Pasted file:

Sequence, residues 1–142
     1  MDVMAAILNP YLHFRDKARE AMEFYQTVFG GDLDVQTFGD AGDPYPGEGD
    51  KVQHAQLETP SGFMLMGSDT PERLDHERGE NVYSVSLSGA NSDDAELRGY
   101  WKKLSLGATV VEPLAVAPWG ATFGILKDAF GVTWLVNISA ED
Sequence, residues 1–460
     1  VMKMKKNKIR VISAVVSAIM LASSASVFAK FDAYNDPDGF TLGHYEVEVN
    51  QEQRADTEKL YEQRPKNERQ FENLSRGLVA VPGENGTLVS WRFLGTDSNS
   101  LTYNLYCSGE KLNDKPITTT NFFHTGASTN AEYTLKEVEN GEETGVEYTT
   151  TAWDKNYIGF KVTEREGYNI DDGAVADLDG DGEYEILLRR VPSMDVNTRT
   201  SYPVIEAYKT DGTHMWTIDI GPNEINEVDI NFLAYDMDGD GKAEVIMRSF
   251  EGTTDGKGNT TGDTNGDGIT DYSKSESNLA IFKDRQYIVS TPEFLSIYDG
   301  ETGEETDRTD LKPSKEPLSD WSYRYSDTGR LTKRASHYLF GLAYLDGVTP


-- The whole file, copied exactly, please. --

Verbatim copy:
Sequence, residues 1–142
     1  MDVMAAILNP YLHFRDKARE AMEFYQTVFG GDLDVQTFGD AGDPYPGEGD
    51  KVQHAQLETP SGFMLMGSDT PERLDHERGE NVYSVSLSGA NSDDAELRGY
   101  WKKLSLGATV VEPLAVAPWG ATFGILKDAF GVTWLVNISA ED
Sequence, residues 1–460
     1  VMKMKKNKIR VISAVVSAIM LASSASVFAK FDAYNDPDGF TLGHYEVEVN
    51  QEQRADTEKL YEQRPKNERQ FENLSRGLVA VPGENGTLVS WRFLGTDSNS
   101  LTYNLYCSGE KLNDKPITTT NFFHTGASTN AEYTLKEVEN GEETGVEYTT
   151  TAWDKNYIGF KVTEREGYNI DDGAVADLDG DGEYEILLRR VPSMDVNTRT
   201  SYPVIEAYKT DGTHMWTIDI GPNEINEVDI NFLAYDMDGD GKAEVIMRSF
   251  EGTTDGKGNT TGDTNGDGIT DYSKSESNLA IFKDRQYIVS TPEFLSIYDG
   301  ETGEETDRTD LKPSKEPLSD WSYRYSDTGR LTKRASHYLF GLAYLDGVTP